Endogenous S-nitrosothiols protect against myocardial injury

Brian Lima, Gregory K.W. Lam, Liang Xie, Diana L. Diesen, Nestor Villamizar, Jeffrey Nienaber, Emily Messina, Dawn Bowles, Christopher D. Kontos, Joshua M. Hare, Jonathan S. Stamler, Howard A. Rockman

Research output: Contribution to journalArticlepeer-review

181 Scopus citations


Despite substantial evidence that nitric oxide (NO) and/or endogenous 5-nitrosothiols (SNOs) exert protective effects in a variety of cardiovascular diseases, the molecular details are largely unknown. Here we show that following left coronary artery ligation, mice with a targeted deletion of the 5-nitrosoglutathione reductase gene (GSNOR -/-) have reduced myocardial infarct size, preserved ventricular systolic and diastolic function, and maintained tissue oxygenation. These profound physiological effects are associated with increases in myocardial capillary density and S-nitrosylation of the transcription factor hypoxia inducible factor-1α (HIF-1α) under normoxic conditions. We further show that S-nitrosylated HIF-1α binds to the vascular endothelial growth factor (VEGF) gene, thus identifying a role for GSNO in angiogenesis and myocardial protection. These results suggest innovative approaches to modulate angiogenesis and preserve cardiac function.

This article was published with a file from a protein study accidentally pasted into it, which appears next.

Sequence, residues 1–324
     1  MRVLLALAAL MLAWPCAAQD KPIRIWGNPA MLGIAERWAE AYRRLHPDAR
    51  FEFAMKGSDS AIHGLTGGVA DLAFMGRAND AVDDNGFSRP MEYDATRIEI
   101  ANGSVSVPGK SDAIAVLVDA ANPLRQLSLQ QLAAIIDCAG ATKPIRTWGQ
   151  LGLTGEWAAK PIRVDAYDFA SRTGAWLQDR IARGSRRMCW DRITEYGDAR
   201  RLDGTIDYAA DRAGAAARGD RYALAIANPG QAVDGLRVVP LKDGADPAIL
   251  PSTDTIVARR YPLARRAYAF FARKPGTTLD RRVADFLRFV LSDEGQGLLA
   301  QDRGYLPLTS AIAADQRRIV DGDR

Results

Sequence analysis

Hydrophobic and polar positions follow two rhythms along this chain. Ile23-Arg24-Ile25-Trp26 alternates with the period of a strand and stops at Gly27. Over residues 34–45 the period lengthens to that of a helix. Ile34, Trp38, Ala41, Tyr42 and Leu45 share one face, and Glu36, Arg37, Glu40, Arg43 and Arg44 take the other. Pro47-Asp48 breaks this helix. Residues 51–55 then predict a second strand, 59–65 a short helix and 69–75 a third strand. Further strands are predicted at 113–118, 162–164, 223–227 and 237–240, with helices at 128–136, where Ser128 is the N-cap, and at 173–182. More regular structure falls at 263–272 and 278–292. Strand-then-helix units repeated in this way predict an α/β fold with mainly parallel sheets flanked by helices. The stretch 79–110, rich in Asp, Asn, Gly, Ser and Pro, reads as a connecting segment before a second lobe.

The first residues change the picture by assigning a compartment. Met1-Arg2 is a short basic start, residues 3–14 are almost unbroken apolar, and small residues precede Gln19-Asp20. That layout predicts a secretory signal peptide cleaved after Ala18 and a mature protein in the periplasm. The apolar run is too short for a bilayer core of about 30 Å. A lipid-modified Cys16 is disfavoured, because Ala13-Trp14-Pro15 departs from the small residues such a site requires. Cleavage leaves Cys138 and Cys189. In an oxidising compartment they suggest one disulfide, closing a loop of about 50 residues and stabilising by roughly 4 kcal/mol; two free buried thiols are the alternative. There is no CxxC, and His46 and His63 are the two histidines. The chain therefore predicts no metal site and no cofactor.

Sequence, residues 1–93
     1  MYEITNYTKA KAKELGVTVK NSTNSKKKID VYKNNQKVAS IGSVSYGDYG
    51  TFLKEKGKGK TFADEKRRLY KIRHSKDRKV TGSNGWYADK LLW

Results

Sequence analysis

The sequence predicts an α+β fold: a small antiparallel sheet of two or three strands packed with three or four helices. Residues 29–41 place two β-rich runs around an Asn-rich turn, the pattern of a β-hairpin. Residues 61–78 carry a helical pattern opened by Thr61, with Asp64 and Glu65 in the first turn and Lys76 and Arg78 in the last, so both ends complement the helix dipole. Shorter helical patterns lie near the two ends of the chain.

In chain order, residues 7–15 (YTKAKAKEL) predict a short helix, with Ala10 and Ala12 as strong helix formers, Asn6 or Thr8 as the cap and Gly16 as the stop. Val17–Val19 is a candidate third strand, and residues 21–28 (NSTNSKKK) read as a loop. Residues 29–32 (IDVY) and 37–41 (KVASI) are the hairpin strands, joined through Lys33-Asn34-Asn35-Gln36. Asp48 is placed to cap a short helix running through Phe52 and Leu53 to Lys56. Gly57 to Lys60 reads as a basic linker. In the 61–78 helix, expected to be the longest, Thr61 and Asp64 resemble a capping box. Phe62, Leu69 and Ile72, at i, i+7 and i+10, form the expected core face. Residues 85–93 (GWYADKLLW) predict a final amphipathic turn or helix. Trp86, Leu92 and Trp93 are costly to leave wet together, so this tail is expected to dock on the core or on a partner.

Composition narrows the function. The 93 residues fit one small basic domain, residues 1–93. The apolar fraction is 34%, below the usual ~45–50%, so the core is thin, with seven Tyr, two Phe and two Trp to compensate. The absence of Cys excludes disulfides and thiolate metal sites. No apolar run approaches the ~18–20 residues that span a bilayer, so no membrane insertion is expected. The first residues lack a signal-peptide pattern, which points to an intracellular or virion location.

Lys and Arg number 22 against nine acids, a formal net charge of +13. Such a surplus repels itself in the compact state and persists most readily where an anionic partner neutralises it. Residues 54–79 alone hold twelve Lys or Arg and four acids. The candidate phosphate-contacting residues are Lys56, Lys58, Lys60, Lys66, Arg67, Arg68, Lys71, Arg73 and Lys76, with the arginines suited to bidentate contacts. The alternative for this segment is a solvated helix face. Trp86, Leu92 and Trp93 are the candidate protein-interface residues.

Original languageEnglish (US)
Pages (from-to)6297-6302
Number of pages6
JournalProceedings of the National Academy of Sciences of the United States of America
Issue number15
StatePublished - Apr 14 2009


  • Angiogenesis
  • HIF-1α
  • Myocardial infarction
  • Nitric oxide
  • S-nitrosylation

ASJC Scopus subject areas

  • General


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